I'm following up on the Aloha Friday theme of December 25th.
I decree that today shall be "Curiosity Saturday." And in honor of that decree, I have a few ideas and questions that have been swirling around in my mucky mind (because I overthink things, okay!!)
>If a person has twins (or multiples) and one is born at 11:59 p.m. and the other(s) after midnight the next day, does a mom (or parents) have the option of just saying they're born on the same day or does the hospital force them to say they're born on different days?
>If a train leaves St. Louis traveling at 60 mph and another leaves .... (JUST KIDDING!)
>What new holiday traditions are you creating and what "old" ones are you following? Why or why not?
In answer to the latter, I wanted to leave out cookies for Santa this year--my husband's family did that (and I imagine it was one of his dad's favorite parts of the holidays!) but mine did not--but before I knew it, our 26-month-old was in bed (hubby did it while I was with our newborn!) and I hadn't put out cookies yet. But it made me think like an anthropologist, I guess. Why would I want to instill that tradition? To perpetuate the myth of a cheerful, albeit chubby, guy bringing presents and chowing down on left-in-the-night cookies? Not exactly. I guess it gets down to one word: hospitality. Greek myths, which I love, are replete with cautionary tales of ingrates who turn away disguised gods (Zeus and Apollo, I think, are legendary for testing their countrymen's, if you will, hospitality). But, Janus-like (if a spectrum of tales can be Janus-like), there are stories of people--most notably, Baucis and Philemon (a sweet story; look it up and read it if you haven't already)--who welcomed with open hearts and humble table. Welcomed complete strangers into home and hearth. (Today, this action would be the recipe for a home invasion in the making, sadly.) So, in a roundabout way, leaving cookies for Santa might be teaching our little ones hospitality. And hospitality is another word for "generosity." Who wouldn't want that reflected in a child?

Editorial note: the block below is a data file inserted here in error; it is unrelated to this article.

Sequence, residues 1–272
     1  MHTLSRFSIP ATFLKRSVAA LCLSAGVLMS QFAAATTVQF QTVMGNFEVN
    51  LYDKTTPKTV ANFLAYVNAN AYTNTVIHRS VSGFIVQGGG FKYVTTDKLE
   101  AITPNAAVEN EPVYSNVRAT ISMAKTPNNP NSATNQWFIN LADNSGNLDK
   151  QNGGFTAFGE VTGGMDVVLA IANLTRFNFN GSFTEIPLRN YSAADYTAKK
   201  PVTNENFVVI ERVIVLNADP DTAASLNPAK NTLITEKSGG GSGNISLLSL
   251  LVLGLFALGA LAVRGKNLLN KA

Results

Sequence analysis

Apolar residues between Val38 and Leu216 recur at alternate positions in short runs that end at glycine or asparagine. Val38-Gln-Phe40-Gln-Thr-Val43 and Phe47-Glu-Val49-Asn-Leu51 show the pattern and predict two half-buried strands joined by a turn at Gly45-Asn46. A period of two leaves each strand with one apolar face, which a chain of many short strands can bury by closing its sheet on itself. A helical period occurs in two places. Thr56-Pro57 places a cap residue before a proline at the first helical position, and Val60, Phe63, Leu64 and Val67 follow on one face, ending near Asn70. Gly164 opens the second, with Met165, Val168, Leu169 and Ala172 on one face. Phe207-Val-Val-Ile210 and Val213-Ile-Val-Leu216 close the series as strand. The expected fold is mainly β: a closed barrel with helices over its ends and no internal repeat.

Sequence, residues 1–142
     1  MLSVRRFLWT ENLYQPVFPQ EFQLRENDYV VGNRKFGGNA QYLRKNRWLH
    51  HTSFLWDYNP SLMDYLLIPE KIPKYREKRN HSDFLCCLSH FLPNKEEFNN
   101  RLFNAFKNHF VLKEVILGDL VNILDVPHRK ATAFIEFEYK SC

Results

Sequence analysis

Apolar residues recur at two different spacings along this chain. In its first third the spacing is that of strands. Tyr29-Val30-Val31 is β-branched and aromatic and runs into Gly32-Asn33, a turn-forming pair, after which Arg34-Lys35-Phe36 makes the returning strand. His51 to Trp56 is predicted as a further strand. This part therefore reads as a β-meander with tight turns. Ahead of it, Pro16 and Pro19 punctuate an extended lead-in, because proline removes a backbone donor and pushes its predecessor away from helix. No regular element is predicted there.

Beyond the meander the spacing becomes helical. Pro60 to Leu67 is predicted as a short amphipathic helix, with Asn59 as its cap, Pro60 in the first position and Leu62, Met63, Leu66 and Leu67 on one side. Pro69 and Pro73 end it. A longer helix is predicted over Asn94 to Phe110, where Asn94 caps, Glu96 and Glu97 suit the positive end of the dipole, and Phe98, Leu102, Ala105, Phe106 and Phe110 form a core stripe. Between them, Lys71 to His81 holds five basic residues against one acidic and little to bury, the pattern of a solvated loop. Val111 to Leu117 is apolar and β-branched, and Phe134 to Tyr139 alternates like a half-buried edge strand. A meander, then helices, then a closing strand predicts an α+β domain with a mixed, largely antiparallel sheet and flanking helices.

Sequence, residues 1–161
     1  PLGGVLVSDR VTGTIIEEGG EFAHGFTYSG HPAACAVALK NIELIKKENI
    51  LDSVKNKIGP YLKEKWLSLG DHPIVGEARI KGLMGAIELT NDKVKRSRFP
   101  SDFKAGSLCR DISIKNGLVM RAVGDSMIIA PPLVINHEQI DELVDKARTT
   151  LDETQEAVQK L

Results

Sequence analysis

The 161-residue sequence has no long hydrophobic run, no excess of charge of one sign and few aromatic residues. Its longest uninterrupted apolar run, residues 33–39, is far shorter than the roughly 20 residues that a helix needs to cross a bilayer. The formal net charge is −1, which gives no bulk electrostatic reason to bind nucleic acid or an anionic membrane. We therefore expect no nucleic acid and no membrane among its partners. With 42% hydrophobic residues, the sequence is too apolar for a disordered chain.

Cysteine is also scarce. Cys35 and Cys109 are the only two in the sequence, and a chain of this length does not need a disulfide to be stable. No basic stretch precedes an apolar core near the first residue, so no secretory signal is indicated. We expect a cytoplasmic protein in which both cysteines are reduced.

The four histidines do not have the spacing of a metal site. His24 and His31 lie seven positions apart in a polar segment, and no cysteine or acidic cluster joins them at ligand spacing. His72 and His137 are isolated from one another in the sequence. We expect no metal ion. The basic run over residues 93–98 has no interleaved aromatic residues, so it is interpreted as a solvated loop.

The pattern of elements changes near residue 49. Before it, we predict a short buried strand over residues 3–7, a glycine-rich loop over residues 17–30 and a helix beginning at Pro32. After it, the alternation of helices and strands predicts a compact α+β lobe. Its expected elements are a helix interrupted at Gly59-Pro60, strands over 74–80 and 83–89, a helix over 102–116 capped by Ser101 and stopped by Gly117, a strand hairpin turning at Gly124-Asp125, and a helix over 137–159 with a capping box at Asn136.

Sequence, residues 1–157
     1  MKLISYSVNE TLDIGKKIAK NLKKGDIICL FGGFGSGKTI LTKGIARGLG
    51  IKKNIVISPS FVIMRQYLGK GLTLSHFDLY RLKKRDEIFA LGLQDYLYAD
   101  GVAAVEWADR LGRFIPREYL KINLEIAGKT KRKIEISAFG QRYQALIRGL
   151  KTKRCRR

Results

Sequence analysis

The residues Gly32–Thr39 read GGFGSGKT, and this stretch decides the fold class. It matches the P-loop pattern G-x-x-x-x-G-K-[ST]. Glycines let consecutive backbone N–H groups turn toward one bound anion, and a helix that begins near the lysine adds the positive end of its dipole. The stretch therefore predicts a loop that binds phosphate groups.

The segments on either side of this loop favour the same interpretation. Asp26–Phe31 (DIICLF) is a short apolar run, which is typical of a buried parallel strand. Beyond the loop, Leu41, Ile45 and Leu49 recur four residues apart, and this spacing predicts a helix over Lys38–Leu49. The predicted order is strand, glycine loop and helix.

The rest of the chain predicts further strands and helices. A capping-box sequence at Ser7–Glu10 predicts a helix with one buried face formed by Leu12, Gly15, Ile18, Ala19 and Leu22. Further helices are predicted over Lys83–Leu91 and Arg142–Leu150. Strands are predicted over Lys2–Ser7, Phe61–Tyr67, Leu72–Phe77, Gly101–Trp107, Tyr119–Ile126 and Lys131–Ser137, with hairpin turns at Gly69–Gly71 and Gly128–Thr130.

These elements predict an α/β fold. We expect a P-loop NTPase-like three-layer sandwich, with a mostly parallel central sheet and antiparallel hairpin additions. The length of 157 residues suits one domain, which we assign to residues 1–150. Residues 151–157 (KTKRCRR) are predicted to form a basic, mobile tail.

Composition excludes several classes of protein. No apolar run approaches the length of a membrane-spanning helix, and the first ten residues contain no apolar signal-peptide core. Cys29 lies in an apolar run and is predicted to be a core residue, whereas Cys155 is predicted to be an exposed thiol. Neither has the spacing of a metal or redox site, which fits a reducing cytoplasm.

Nonetheless, I challenge you, today on Curiosity Saturday, to question your traditions and rituals (if you will). Think about how they got started, whether they are worthwhile and why or why not, and what new ones you hope to create (and why).
Then will it be ... Something old, something new, something accepted, something eschewed? Hmm?